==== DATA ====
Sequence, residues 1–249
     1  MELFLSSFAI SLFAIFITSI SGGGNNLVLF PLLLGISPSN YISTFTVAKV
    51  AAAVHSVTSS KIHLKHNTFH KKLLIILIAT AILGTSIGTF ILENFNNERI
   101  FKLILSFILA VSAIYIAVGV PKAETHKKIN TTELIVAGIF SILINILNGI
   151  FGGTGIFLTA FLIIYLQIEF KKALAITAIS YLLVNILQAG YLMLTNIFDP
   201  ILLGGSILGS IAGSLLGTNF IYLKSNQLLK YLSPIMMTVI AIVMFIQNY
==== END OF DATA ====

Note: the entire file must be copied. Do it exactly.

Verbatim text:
Sequence, residues 1–249
     1  MELFLSSFAI SLFAIFITSI SGGGNNLVLF PLLLGISPSN YISTFTVAKV
    51  AAAVHSVTSS KIHLKHNTFH KKLLIILIAT AILGTSIGTF ILENFNNERI
   101  FKLILSFILA VSAIYIAVGV PKAETHKKIN TTELIVAGIF SILINILNGI
   151  FGGTGIFLTA FLIIYLQIEF KKALAITAIS YLLVNILQAG YLMLTNIFDP
   201  ILLGGSILGS IAGSLLGTNF IYLKSNQLLK YLSPIMMTVI AIVMFIQNY